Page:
Batres was a restorer as well as a gatherer of relics, and restoration of ancient sites is problematic. Different rulers alter features or build new ones, and in Mexico in particular, there’s often a process of accretion where extra layers are added, so an original structure becomes merely the core. The so-called Pyramid of the Sun at Teotihuacan was named by the Aztec emperors who went there to offer sacrifice, a half millennium and more after the original city’s decline. They made some alterations to the top of it by adding a temple (maybe, several there and round about), which the Spanish later demolished.

So, when a temple or pyramid is restored, the question is: to what period or state? Today, the answer is usually “Leave it as it is, with interpretive materials for visitors to read,” but it took misadventures such as Batres’ efforts at Teotihuacan to get us to that point.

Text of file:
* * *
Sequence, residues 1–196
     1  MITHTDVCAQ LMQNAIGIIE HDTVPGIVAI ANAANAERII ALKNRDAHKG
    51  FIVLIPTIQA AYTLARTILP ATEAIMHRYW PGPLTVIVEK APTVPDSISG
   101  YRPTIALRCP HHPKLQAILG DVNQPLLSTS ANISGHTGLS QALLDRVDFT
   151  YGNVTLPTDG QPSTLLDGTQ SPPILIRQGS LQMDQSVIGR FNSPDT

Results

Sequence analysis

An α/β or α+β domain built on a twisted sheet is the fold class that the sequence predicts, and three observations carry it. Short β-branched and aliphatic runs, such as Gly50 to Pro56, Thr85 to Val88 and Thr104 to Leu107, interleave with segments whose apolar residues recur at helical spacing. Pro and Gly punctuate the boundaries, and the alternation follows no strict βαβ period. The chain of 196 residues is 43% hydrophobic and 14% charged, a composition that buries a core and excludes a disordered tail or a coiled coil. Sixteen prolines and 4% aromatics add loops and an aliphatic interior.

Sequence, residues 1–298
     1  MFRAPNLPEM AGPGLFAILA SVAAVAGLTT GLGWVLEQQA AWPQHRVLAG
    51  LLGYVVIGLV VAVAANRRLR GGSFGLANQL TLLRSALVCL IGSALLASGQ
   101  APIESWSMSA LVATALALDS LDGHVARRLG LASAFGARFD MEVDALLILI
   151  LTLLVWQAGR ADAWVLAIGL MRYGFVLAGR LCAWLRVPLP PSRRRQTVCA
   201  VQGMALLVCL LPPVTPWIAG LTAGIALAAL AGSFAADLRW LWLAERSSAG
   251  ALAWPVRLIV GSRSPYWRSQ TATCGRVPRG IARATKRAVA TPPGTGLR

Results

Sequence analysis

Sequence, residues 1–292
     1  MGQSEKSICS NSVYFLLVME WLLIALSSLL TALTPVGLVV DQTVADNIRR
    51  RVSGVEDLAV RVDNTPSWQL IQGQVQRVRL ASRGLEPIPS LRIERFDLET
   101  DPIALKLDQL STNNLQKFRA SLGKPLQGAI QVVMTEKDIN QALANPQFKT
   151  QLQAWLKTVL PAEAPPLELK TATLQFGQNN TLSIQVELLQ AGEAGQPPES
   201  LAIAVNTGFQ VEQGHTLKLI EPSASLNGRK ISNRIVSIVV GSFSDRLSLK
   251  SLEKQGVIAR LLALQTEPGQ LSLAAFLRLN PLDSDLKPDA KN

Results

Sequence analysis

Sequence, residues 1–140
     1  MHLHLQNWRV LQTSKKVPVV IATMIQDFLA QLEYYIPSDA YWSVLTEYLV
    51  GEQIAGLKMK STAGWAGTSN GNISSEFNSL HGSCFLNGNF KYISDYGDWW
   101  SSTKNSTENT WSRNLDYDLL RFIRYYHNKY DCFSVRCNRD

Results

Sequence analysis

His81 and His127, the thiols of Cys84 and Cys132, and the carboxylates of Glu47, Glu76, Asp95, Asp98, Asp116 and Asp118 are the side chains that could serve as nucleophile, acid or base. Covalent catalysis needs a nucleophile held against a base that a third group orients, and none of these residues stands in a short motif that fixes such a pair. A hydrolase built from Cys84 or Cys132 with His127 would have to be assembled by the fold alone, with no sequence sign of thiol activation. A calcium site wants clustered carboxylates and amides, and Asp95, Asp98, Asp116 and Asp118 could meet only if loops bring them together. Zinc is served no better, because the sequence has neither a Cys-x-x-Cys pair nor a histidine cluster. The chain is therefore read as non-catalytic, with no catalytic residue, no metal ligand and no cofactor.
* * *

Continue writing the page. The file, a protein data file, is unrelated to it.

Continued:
Porfirio Diaz, president of Mexico, gave Batres the job of restoring the old city near Mexico City in 1905, a project that was to be ready for the centenary of independence in 1910. Batres had a big budget, top-level governmental support, and a will strong enough to carry it off. Some people still wish he’d lacked all of those. But he did have them, and set to his assignment with gusto.